1984 Quotes – Part Two: Chapter Three
She would not accept it as a law of nature that the individual is always defeated. In a way she realized that she herself was doomed, that sooner or later the Thought Police would catch her and kill her, but with another part of her mind she believed that it was somehow possible to construct a secret world in which you could live as you chose. All you needed was luck and cunning and boldness.
In contrast to Winston’s desire for an organized political resistance to the Party, Julia’s strategy is more modest. She is content to carve out a small space in her own life in which she can create some measure of happiness.
For how could the fear, the hatred, and the lunatic credulity which the Party needed in its members be kept at the right pitch, except by bottling down some powerful instinct and using it as a driving force? The sex impulse was dangerous to the Party, and the Party had turned it to account.
This quote shows the Party’s attitude toward sex and how they have taken one of the most basic human needs and turned it to their own needs.
Part Two: Chapter Four
He was standing in front of a wall of darkness, and on the other side of it there was something unendurable, something too dreadful to be faced. In the dream his deepest feeling was always one of self-deception, because he did in fact know what was behind the wall of darkness.
This quote appears right after Julia talks about seeing a rat in their small room above Mr. Charrington’s shop. As we will see when Winston is tortured in the Ministry of Love, what is “unendurable” is precisely what O’Brien will use to break Winston’s spirit.
Part Two: Chapter Five
History has stopped. Nothing exists except an endless present in which the Party is always right.
This is the state of affairs that terrifies Winston. Unlike Julia, Winston is appalled at the possibility that the Party will be eternal because of its ability to manipulate history.
1984 Quotes – Part Two: Chapter Six
The end was contained in the beginning. But it was frightening: or, more exactly, it was like a foretaste of death, like being a little less alive.
This quote appears when O’Brien invites Winston to come to his house under the auspices of giving him an advanced copy of the latest edition of the Newspeak dictionary. Winston knows that this event brings him one step closer to eventual torture and death.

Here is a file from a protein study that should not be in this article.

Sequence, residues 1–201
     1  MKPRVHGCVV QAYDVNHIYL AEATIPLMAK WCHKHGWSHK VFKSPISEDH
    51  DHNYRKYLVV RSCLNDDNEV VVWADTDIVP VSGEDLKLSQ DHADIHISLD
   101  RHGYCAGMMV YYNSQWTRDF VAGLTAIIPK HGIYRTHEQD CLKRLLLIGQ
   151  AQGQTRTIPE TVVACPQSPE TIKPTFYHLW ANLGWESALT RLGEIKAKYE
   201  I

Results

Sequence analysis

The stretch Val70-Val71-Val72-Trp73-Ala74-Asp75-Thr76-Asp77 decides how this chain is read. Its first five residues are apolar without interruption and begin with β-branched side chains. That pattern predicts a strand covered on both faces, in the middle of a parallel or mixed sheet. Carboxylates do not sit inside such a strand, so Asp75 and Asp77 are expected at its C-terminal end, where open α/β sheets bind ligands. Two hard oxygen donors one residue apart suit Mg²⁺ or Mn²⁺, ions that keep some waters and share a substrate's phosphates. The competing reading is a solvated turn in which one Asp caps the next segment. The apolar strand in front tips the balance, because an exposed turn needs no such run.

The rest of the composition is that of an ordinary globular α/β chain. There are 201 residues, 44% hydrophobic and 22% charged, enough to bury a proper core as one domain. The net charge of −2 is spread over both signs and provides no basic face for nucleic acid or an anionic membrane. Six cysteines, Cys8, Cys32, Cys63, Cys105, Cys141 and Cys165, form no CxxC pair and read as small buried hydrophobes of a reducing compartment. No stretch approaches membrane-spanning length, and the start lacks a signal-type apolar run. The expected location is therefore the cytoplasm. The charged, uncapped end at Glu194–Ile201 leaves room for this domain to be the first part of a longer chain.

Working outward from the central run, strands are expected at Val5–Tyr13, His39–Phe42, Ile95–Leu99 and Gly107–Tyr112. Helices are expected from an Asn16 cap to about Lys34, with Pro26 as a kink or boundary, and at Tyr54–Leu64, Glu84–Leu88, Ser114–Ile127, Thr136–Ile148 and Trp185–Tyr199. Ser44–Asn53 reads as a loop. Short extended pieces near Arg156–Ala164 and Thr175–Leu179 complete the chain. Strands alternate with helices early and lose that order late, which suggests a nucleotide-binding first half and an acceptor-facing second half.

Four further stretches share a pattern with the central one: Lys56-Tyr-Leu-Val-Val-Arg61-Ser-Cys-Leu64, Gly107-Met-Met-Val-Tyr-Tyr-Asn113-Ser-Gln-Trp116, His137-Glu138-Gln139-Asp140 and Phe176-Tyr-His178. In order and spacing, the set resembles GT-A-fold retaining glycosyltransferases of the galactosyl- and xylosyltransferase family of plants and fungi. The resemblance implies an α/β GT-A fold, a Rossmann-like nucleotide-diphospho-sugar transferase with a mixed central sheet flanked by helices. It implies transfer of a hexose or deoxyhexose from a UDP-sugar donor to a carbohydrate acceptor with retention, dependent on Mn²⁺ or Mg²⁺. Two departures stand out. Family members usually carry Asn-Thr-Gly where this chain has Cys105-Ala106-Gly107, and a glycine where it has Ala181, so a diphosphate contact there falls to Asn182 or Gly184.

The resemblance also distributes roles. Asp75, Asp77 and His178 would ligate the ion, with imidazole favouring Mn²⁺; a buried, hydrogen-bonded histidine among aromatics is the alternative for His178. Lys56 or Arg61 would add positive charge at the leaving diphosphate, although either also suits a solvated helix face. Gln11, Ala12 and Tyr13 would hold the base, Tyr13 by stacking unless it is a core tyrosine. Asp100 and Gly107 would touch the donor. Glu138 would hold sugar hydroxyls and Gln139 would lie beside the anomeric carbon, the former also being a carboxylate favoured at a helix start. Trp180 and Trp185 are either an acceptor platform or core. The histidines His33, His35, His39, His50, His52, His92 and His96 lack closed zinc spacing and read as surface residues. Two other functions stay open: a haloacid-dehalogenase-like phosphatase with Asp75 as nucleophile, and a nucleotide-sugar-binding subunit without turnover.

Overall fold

Part Two: Chapter Seven
Her feelings were her own, and could not be altered from outside. It would not have occurred to her that an action which is ineffectual thereby becomes meaningless. If you loved someone, you loved him, and when you had nothing else to give, you still gave him love.
Winston is talking about his mother. What is interesting about this quote is that while Winston realizes the significance and beauty of her individual love, he remains committed to collective revolt.
‘If you can FEEL that staying human is worth while, even when it can’t have any result whatever, you’ve beaten them.’
In this chapter, Winston and Julia talk about how their love makes them human. In other words, in the face of the Party’s violent authoritarianism, they believe that they will be able to hang on to this feeling. The tragedy of this belief is that both of them betray the other when they are tortured.
Part Two: Chapter Eight
You will never have anything to sustain you, except the idea. You will get no comradeship and no encouragement.
O’Brien tells Julia and Winston this when they are at his house, supposedly entering into “The Brotherhood.” The willingness of Julia and Winston to remain true to an idea (with no encouragement or comradeship) shows how dangerous they are to the Party.
1984 Quotes – Part Two: Chapter Nine
The primary aim of modern warfare…is to use up the products of the machine without raising the general standard of living.